Tear gas choked the streets, and when protestors gathered to counter-attack, police ran squad cars into the mob sending them flying in all directions. Thirty minutes later the rioting was finished.
Even though 28 policemen were injured in the melee, there was little doubt who had won. Six Weathermen were shot by police, and an unknown number were wounded. About seventy rioters were arrested.
Was America ever as divided as we are today? Are you kidding? How many protesters are today shot by police for attacking property?
Check out any library that maintains digital or microfiche versions of newspapers and magazines of the 1960s and 1970s. The divisions today seem like minor abrasions when compared with the gaping wounds that marked America 40 or 50 years ago.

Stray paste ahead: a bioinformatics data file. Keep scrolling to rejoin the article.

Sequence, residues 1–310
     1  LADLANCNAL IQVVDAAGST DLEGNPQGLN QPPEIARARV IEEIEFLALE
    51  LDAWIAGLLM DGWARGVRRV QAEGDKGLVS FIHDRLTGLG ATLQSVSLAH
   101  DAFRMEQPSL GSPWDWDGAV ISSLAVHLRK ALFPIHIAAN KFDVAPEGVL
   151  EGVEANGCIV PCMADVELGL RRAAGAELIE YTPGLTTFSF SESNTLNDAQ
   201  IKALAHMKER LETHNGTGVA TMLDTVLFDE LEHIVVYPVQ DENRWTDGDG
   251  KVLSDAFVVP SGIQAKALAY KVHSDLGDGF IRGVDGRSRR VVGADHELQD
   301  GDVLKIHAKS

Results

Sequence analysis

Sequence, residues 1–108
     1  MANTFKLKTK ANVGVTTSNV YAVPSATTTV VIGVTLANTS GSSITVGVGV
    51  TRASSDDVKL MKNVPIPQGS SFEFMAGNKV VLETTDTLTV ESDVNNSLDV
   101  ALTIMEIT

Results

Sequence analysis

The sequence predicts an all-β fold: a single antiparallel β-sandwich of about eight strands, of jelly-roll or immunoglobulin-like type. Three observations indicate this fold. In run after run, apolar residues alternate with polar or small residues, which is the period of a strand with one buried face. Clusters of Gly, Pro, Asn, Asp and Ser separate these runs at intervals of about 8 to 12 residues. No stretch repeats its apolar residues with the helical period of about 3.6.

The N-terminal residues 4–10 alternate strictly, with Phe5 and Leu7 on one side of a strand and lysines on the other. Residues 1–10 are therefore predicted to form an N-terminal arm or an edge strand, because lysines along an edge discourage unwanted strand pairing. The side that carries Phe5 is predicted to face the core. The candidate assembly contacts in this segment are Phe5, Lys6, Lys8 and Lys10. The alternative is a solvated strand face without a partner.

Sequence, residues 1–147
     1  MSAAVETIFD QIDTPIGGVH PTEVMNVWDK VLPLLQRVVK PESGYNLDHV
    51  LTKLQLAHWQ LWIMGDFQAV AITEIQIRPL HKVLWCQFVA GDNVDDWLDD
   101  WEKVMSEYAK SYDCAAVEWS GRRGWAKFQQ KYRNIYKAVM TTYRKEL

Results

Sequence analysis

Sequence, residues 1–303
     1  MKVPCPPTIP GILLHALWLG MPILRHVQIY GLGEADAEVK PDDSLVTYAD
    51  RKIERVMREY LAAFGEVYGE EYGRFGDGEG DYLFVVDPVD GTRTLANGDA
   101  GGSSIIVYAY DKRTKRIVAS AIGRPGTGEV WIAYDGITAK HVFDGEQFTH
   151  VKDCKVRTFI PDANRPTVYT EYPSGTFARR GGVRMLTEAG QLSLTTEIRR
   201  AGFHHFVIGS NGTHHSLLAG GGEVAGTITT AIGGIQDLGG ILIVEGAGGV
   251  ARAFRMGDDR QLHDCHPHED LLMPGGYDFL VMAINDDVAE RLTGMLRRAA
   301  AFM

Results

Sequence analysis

It wasn’t until the last choppers lifted off Saigon roofs on April 30, 1975, that the healing began. The war in Vietnam was over—finally, after almost 15 years of American involvement.
I had been a soldier during part of that era, and between 1974 and 1975 I was covering the fall of South Vietnam and Saigon for the Tribune. As some 200,000 Communist North Vietnamese troops marched into Saigon and a U.S. Marine CH-53 Sea Stallion chopper carried me down the Vung Tau corridor to the waiting U.S. 7th Fleet, an almost palpable sense of healing and reconciliation swept over America.